The Agilent Literature Search tool automatically searches for and extracts information from multiple textual databases, such as those of the U.S. Patent Office and the National Center for Biotechnology Information (PubMed). The plug-in pulls information from these sources and represents it within Cytoscape as a map of the relationships between the biological entities, such as genes and proteins. A microarray or an LC/MS-proteomics experiment can typically result in hundreds of genes and proteins of interest. Biologists can use the new plug-in to avoid the daunting task of manually searching for each gene and protein in the scientific literature and patents.
"Mining past literature for information about proteins and protein interactions is a critical step for building models of cells," said Trey Ideker, assistant professor at the University of California, San Diego, and lead researcher/program manager for the Cytoscape project. "Agilent's Literature Search plug-in for Cytoscape makes automatic literature mining freely accessible to the public, with an algorithmic approach that is first-rate."
"Agilent is committed to accelerating the productivity of biologists," said Jim Hollenhorst, director of the Molecular Technologies Laboratory for Agilent Laboratories. "This literature search tool was developed within Labs to facilitate our own research collaborations and has proved very successful for us. We are excited to provide this to researchers everywhere so that they can analyze their own data more effectively and put it into a biological context. "
With the Agilent Literature Search tool, researchers enter the names of all genes of interest, along with keywords that describe the types of relationships being looked for. The plug-in searches accessible databases and generates a computational representation of gene/protein associations grouped into a network that biologists can see and manipulate within Cytoscape. This network view includes a node represented by a geometric shape for each gene and protein, and links to indicate relationships. Each node includes hyperlinks to descriptions and articles relevant to that gene or protein.
Agilent Laboratories is using the plug-in as part of its collaborations with two other organizations on systems biology projects: the Stanford University School of Medicine on auto-immune diabetes; and the Translational Genomics Research Institute (TGen) on melanoma, autism and pancreatic cancer. Labs researchers are focusing on proteomics and metabolomics for these diseases as a complement to Labs collaborators' work in genomics. Using Labs' systems biology informatics prototypes, Labs researchers have built qualitative biological models based on experimental data, scientific knowledge from published papers and curated biological network databases. This shared, multi-disciplinary knowledge provides a more comprehensive view of disease.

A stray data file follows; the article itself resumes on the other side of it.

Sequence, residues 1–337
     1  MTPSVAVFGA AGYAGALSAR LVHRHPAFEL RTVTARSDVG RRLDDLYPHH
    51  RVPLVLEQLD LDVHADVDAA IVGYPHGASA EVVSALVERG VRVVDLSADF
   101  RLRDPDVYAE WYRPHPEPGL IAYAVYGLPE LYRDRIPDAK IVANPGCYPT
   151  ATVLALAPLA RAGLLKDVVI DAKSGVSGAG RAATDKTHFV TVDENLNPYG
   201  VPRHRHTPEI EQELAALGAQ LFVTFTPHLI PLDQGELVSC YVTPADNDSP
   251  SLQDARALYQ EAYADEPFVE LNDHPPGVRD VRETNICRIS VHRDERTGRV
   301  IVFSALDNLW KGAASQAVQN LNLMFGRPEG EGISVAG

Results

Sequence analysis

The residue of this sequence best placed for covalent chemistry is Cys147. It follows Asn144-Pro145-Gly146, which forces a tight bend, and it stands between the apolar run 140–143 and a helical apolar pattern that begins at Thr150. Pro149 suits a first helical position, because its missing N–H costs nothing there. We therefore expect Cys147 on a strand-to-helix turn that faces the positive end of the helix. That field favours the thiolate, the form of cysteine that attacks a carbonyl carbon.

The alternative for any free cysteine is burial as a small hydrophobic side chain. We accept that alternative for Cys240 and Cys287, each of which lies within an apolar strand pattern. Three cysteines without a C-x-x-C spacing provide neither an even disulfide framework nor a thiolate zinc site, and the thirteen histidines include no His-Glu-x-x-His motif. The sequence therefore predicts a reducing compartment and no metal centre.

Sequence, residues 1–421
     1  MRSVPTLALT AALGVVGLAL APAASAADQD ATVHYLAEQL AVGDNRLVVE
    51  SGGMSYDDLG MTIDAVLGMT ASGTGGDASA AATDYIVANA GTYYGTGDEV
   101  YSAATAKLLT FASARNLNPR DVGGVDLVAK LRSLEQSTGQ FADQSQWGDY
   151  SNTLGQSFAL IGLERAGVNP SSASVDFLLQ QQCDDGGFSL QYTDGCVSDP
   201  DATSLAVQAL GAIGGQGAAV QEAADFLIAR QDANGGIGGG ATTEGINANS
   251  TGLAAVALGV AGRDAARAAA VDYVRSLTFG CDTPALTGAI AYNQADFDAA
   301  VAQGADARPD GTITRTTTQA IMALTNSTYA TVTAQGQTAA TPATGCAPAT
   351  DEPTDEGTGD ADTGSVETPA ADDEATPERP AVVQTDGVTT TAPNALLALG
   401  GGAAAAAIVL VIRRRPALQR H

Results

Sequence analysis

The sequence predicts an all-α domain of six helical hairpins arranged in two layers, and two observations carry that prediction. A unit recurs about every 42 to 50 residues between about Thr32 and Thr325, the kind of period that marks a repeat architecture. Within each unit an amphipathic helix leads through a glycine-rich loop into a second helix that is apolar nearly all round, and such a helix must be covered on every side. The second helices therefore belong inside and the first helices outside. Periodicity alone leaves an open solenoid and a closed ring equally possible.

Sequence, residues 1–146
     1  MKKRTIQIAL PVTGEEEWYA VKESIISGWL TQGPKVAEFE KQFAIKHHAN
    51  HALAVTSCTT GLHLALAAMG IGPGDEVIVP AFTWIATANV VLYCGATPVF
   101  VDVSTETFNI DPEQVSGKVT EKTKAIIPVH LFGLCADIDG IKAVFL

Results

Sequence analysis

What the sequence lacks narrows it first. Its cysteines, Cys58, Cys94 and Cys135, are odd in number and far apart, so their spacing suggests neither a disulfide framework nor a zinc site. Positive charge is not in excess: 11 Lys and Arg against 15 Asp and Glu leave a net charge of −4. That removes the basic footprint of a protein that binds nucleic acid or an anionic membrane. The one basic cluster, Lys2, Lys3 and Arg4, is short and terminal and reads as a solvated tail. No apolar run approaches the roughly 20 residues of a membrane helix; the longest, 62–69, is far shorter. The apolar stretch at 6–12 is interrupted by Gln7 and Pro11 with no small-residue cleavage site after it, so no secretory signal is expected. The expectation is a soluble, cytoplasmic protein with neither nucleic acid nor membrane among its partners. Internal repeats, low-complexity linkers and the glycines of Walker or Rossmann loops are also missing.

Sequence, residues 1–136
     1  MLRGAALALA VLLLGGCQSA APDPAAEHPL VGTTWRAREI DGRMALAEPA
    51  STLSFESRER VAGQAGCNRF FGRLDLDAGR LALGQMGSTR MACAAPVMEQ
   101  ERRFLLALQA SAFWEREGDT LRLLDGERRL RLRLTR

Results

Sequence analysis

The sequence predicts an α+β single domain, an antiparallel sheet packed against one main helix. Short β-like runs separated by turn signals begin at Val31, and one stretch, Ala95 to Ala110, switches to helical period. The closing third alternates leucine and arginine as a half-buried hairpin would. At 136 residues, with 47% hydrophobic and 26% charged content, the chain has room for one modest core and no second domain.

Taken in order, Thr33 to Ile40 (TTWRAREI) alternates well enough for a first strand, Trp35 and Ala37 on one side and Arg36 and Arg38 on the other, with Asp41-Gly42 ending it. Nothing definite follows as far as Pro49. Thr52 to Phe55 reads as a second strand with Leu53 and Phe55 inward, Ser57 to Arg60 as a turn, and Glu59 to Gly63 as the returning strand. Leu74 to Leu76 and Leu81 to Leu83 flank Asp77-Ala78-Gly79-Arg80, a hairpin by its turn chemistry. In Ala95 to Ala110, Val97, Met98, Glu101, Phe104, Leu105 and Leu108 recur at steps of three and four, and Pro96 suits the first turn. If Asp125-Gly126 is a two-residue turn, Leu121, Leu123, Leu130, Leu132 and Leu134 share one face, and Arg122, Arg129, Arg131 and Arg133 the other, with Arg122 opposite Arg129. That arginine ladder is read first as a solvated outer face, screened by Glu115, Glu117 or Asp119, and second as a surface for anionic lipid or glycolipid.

Cytoscape 2.1 is free open-source software. The Agilent Literature Search tool is currently available as a free but unsupported plug-in to Cytoscape. Both are downloadable at www.cytoscape.org. Agilent's plug-in and additional information are available at www.labs.agilent.com/research/mtl/projects/sysbio/sysinformatics/download.html.
Screen shots of Agilent Literature Search Software in action are available at www.labs.agilent.com/research/mtl/projects/sysbio/sysinformatics/litsearch_screens.html.
Cytoscape is a bioinformatics software platform for visualizing molec ular interaction networks and integrating these interactions with gene expression profiles and other data. The platform supports gene functional annotations from Gene Ontology (GO) and KEGG databases, biological models from Systems Biology Markup Language (SBML), protein-protein interactions from BIND and TRANSFAC databases. Additional features are available as plug-ins for network and molecular profiling analyses, new layouts, additional file format support and connection with databases. More information about the Cytoscape platform and project is available on the Web at www.cytoscape.org.